As the divine permeates all things, almost anything can serve the purpose of pointing us towards it. There are many symbols used in Hindu art and ritual, which are often given multiple meanings. The images of deities are often recognisable from the symbols they carry, stand upon, or are surrounded by. For example, Vishnu holds in his four arms a lotus flower (purity among other meanings, see below), a discus (either a weapon symbolising power or the disc of the sun), a club (again a weapon against evil symbolising justice and righteousness), and a conch shell (used as a trumpet in the fight against evil, or in worship).
Deities can be represented in symbolic forms such as the ammonite for Vishnu or the lingam (pillar) for Shiva (see Images and image worship). Probably the best-known symbol is 🕉 ‘Om’ or ‘A U M’, the primordial sound, the sound of the universe, also used in prayers, hymns, chants and meditation (see Mantra and the power of sound).
Other commonly encountered symbols include the svastika/swastika, an ancient symbol whose meaning is not to be confused with its later adoption by the Nazis in the twentieth century. This can cause concern when first encountered in a Hindu context – it does not mean that Hindus are anti-semitic! In the Hindu tradition the swastika means good fortune, possibly originally representing the rays of the sun. The four arms can also be interpreted as the four directions (North, South, East, West), the four corners of the world, the four seasons and/or indeed anything in the tradition which comes in fours such as the four Vedic collections, and some use it as a symbol for world peace. Yantras, geometric diagrams, also called mandalas if they take a circular form, are used in tantric ritual and meditation. The best known yantra is the Shriyantra that represents the cosmic form of the supreme deity Tripurasundari (the Goddess who is beautiful in the three worlds).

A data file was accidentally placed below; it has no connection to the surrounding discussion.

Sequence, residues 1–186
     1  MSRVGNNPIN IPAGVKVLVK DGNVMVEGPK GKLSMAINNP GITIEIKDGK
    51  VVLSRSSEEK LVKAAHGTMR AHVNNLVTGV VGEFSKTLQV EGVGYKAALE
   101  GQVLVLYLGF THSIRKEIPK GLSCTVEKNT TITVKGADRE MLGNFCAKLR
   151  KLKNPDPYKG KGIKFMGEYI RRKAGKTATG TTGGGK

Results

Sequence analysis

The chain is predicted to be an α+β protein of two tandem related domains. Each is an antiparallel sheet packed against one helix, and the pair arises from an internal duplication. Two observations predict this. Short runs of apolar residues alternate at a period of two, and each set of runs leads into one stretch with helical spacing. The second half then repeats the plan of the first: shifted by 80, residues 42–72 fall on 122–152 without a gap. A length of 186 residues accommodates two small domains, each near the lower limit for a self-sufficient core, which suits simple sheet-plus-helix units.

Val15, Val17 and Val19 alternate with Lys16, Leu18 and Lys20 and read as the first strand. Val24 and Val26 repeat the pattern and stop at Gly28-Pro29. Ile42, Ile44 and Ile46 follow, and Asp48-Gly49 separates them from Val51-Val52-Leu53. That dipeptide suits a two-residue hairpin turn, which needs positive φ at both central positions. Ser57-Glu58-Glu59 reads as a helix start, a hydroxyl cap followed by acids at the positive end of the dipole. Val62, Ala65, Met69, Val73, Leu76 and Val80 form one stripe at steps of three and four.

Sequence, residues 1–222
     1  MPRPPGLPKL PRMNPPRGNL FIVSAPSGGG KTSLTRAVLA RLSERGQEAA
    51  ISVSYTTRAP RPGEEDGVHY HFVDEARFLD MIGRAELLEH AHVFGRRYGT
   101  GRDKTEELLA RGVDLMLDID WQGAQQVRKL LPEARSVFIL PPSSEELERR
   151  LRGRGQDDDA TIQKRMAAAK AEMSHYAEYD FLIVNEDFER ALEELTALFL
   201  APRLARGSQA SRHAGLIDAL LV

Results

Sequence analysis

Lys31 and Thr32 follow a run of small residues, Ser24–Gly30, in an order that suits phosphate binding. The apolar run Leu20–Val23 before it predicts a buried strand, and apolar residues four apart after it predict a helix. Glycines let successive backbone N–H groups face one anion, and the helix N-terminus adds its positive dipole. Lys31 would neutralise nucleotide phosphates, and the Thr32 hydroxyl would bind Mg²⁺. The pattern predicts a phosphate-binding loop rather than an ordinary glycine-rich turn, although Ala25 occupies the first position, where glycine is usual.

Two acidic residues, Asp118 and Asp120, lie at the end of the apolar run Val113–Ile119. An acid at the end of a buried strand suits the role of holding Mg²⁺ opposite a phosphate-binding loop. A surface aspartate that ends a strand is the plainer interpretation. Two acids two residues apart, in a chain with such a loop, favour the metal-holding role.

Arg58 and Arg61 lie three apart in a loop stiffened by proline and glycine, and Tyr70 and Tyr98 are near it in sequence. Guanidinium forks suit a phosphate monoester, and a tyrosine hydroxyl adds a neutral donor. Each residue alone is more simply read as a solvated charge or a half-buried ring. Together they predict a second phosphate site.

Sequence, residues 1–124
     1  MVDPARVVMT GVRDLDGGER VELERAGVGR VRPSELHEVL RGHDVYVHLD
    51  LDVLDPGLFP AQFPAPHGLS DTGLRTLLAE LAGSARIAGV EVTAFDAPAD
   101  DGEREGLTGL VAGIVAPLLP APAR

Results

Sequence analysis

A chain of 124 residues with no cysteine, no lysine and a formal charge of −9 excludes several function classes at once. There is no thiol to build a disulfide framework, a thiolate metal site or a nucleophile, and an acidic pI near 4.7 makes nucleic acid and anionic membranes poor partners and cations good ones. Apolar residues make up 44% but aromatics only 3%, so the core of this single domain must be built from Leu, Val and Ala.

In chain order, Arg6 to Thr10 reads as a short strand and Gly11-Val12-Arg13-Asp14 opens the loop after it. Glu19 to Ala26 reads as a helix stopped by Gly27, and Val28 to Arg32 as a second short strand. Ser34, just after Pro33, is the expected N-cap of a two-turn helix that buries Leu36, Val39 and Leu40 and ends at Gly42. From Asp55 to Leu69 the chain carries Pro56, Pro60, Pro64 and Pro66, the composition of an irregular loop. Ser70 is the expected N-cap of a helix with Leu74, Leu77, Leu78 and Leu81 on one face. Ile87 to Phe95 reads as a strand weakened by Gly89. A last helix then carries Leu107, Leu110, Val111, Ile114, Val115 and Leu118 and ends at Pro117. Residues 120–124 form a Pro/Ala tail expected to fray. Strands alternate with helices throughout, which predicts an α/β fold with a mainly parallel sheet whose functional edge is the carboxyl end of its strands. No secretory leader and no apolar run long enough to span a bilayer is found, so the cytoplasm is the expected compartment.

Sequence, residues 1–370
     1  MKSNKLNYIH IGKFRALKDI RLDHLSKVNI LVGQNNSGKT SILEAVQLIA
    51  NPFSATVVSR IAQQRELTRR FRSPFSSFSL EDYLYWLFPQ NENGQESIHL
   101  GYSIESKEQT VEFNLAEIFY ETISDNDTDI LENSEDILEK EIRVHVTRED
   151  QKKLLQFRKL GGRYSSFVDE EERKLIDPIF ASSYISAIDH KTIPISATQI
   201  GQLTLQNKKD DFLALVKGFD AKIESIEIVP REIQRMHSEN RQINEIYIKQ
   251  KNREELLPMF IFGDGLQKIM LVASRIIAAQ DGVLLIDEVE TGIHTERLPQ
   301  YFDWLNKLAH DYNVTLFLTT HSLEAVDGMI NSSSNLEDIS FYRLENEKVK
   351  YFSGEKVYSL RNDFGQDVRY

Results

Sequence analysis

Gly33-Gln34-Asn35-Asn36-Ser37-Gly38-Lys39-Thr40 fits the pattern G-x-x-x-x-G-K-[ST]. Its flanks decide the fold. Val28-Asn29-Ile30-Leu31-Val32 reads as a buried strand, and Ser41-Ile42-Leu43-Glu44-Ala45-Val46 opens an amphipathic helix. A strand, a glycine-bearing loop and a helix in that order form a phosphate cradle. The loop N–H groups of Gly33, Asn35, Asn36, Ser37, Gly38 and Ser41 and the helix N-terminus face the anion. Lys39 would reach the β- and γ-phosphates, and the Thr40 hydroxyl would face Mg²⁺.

The lotus flower, often carried by or used as the throne of some deities, symbolises purity, detachment, or liberation. Flowers, fruit, sweets, lights, incense and implements used in worship are given multiple symbolic meanings. For example, the conch shell used as a trumpet can be seen as calling the attention of God, a call to righteousness, the sound of the origin of the universe or a symbol of the feminine.
Tilaks, marks made on the forehead, can be symbolic. A mark made in the middle of the forehead can represent the ‘third eye’ or spiritual vision. Three horizontal lines denotes a worshipper of Shiva, and U shape with a dot in the middle a worshipper of Vishnu and/or Krishna.